CASUAL COUNTRY 2019: Hit the road and see what our area has to offer with the Cariboo Chilcotin Heritage Driving Tour

Thinking about taking a stay-cation this summer? Why not go on a historical adventure this year and visit some of the Cariboo Chilcotin’s local heritage sites. These driving routes are just a sampling of the many adventures featured in the Cariboo Chilcotin Historic Driving Tour Guide and Map.

Plan your tour with a mobile-friendly driving tour guide available at This interactive guide and map includes images, descriptions and Google Maps directions for each heritage site.

As you travel, follow along with the print brochure to learn more about the sites you visit. Download the brochure at or find copies at local tourism centres or the Cariboo Regional District’s offices in 100 Mile House, Williams Lake and Quesnel.

Thanks to the volunteers of the CRD’s Heritage Steering Committee who have compiled the Historic Driving Tour and are working hard to preserve the heritage of our region so that its history can live on.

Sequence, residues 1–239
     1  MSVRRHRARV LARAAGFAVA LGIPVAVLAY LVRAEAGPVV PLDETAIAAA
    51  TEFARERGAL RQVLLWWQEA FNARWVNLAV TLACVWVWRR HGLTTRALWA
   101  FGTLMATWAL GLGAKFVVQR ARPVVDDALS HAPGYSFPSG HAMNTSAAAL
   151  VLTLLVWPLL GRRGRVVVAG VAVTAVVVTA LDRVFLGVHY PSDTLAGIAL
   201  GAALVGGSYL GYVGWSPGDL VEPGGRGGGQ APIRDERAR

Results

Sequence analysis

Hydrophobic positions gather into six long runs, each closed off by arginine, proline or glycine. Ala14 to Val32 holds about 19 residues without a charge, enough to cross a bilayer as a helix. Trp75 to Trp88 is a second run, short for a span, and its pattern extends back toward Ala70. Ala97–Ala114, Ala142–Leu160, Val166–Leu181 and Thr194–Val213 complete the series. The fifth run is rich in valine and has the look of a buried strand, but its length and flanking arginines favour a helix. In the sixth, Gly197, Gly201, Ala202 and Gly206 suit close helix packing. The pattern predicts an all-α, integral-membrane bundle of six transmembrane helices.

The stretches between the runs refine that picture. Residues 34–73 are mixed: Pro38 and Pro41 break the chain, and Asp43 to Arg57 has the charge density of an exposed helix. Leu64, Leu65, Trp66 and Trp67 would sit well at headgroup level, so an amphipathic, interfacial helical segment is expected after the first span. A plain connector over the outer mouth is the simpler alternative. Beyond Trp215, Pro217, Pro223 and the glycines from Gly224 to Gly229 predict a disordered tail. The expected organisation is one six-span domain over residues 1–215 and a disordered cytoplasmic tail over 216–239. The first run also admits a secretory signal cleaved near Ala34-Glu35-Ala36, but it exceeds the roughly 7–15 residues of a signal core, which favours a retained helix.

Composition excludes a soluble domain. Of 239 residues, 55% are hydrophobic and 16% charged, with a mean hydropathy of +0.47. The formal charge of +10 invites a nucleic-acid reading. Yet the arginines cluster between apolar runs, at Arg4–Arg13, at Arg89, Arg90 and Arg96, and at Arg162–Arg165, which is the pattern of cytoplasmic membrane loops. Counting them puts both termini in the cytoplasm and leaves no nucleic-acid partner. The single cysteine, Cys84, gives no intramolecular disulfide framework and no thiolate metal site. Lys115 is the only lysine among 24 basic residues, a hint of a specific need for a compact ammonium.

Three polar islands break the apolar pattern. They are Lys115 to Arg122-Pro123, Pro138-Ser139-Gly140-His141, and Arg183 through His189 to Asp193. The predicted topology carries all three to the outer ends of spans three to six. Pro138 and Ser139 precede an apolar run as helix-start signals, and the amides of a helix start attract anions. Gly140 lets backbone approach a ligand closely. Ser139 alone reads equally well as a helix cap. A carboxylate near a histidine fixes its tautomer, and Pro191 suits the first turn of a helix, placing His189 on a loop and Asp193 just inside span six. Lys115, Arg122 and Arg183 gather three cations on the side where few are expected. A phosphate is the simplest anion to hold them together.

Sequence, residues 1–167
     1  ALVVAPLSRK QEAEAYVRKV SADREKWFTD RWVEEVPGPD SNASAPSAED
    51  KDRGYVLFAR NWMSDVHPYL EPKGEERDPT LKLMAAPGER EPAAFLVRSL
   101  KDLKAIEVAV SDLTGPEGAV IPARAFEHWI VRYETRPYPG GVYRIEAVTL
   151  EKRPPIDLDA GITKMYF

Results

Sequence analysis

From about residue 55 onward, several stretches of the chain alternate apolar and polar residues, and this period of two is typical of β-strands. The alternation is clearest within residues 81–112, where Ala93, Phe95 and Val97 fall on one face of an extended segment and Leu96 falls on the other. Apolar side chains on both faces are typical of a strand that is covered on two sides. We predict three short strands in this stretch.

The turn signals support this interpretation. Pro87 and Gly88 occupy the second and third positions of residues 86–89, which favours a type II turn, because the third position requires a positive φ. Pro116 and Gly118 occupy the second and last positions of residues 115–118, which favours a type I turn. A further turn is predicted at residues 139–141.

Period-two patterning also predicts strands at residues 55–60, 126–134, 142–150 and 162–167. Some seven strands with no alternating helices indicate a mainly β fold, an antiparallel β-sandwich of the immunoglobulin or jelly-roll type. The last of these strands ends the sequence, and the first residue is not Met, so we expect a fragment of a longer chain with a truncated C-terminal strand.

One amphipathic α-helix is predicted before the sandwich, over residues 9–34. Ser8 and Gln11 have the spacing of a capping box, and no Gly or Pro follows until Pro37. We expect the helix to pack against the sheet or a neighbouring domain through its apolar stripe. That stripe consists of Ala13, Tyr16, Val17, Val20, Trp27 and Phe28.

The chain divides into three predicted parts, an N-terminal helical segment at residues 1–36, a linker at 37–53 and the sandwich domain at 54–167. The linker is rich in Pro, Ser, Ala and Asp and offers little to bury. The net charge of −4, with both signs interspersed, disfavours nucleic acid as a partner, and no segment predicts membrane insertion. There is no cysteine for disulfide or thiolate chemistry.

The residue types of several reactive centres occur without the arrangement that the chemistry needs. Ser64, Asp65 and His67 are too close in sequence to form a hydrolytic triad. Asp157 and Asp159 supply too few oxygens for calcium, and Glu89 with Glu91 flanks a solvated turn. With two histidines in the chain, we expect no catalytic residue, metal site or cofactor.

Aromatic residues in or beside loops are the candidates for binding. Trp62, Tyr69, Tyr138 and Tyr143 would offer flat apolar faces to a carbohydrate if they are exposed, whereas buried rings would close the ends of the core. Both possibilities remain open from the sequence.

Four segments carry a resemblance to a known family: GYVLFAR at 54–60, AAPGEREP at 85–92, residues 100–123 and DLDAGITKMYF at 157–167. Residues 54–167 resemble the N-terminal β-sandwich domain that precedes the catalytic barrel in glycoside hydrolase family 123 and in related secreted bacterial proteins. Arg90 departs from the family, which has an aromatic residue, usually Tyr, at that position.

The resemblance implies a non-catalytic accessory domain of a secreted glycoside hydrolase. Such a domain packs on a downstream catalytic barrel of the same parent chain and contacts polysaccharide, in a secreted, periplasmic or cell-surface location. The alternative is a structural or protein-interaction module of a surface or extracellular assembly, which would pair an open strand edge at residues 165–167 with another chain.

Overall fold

Heritage Tour: Highway 97 North

This tour begins in Clinton, originally known as 47 Mile House, with a visit at the museum built in 1892. Continue north to 100 Mile House and experience local history with a tour of the murals throughout town. As you make your way to Williams Lake, stop at the 108 Mile Heritage Site, the Felker Homestead (in Lac La Hache, 28 km north of 100 Mile House) and 150 Mile House to see the historic Little Red Schoolhouse. You can also take a detour along Mission Road through the original Onward Mission Ranch and the village of Sugarcane, home of the Williams Lake Indian Band. On this road, take a moment to reflect at St. Joseph’s cemetery and the memorial for St. Joseph’s Mission residential school. In Williams Lake, stop at the Tourism Discovery Centre, which is also home to the Museum of the Cariboo Chilcotin. Continuing northward, you will pass through Soda Creek and can visit Xat’sull Heritage Village, an award-winning traditional First Nations village with tours and cultural workshops. As you near Quesnel, you’ll pass through Alexandria and Kersley and you can stop at the Quesnel Antique Machinery Park. Quesnel is the last stop in this tour – drop by the Quesnel Museum and Visitor Centre to learn about all the historic places in the city.